Jamie, our Marketing and Outreach Intern, gives an update on his progress.
I have passed the halfway point of my internship here at CRC; I feel like time is flying by too quickly but at the same time feel like I have been here and part of the team much longer than four weeks. I’ve started to get really stuck into my work as the Marketing and Outreach Intern preparing presentations, writing reports, doing research amongst other things. Although busy the majority of time with those things I still enjoy the pleasure of dipping my toes into some of the collections and discovering some very interesting pieces on my way. As part of my university degree I study Economics (yes students do actually study sometimes), and I am sure many of you are aware of Adam Smith; for those of you who are not there’s no need to worry as I’ll give you a little background information.
Adam Smith (1723-1790) is often referred to as ‘the father of modern economics’. He was the author of ‘The Wealth of Nations’ which is one of his most well-known works and is one of the first books regarding modern economics. He studied at the University of Glasgow and Balliol College, Oxford before giving lectures at the University of Edinburgh.
Being interested in Economics, I was fascinated to learn that only a few rooms away from my desk sat a collection of books from the library of Adam Smith himself! The CRC holds about half of the original library. The majority of the collection came from David Douglas Bannerman (1842-1903), the grandson of David Douglas, who was Smith’s heir. Bannerman gave the main portion of the collection to New College in the 19th century. The rest of the collection is made up of smaller donations and acquisitions. For many modern economists, whether they are from an academic or a professional environment, if they are studying an undergraduate or even the one teaching those undergraduates, being able to read over or study the books Smith himself once read makes you feel something special, like a musician who is holding an instrument once played by Mozart.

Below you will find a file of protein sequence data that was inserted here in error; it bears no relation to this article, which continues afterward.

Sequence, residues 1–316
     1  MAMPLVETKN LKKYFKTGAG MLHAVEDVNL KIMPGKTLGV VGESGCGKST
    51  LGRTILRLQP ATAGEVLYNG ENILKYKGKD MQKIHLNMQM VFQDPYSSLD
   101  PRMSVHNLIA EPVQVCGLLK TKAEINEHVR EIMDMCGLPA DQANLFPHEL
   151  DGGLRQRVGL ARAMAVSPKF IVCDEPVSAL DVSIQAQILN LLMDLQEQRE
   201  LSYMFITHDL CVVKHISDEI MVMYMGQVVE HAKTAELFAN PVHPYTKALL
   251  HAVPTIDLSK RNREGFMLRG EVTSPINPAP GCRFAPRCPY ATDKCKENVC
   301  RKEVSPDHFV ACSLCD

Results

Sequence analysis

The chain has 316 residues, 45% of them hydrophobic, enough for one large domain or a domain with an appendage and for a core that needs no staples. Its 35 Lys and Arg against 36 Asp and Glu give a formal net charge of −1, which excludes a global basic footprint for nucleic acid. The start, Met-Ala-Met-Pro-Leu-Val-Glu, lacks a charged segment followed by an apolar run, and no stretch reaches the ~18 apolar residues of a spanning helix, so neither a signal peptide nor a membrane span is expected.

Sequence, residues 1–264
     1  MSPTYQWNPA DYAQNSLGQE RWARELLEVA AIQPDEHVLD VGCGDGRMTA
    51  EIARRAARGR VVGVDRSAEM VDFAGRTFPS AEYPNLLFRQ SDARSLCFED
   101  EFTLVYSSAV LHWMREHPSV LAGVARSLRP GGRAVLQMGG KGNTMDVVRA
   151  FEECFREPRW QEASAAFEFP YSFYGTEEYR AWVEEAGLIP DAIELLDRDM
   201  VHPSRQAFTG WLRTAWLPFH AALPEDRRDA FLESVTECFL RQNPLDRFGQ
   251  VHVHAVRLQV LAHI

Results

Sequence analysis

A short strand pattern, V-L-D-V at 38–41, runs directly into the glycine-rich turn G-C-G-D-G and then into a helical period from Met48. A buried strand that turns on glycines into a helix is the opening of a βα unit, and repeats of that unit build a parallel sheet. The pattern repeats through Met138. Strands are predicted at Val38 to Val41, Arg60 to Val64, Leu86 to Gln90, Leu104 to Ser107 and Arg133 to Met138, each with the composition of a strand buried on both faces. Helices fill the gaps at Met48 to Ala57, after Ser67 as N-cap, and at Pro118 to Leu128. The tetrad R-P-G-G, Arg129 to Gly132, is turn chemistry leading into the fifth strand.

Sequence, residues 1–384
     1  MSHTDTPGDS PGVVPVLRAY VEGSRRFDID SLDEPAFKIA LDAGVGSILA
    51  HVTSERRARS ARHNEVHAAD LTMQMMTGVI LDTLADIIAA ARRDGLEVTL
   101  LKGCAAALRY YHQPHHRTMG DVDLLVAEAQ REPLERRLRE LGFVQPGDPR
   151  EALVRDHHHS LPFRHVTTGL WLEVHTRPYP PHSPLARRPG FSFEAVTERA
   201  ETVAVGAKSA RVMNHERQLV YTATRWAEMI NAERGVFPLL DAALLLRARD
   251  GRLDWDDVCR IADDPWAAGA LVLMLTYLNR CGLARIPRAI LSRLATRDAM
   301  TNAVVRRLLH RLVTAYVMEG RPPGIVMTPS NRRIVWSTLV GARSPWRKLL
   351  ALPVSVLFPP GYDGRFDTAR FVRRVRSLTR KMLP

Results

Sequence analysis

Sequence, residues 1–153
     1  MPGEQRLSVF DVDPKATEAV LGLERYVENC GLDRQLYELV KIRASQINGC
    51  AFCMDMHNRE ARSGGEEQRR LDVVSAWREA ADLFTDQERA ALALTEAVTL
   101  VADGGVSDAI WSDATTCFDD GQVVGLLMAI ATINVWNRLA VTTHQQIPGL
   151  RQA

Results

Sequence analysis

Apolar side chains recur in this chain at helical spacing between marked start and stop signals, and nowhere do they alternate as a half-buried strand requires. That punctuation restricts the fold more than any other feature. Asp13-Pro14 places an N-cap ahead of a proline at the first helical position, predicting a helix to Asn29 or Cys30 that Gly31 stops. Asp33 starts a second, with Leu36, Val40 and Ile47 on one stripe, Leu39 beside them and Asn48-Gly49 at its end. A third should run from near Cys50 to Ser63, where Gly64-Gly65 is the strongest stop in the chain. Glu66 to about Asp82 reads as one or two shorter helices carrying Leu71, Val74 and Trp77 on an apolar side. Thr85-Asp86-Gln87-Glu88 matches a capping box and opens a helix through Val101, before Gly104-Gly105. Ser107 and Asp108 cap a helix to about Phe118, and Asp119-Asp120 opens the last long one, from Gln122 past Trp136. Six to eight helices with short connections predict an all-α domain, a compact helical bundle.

I’ve had a brief look at the collection and there is a wide variety of genres represented; many of course with philosophical, economical and business elements, but also others regarding science and a few discussing places around the world.
I was amused to see that he even had a copy of one of his own books, ‘The Theory of Moral Sentiments’, possibly just for reference. As I looked through the collection, I thought to myself many of these books would have contributed to Smith’s own works and shaped his ideas, and this put a smile on my face.
If you are researching Adam Smith or are interested in finding out more and would like to consult his library collection, the books are mostly listed on the main online catalogue and can be consulted in the CRC, 6th floor, University of Edinburgh Main Library.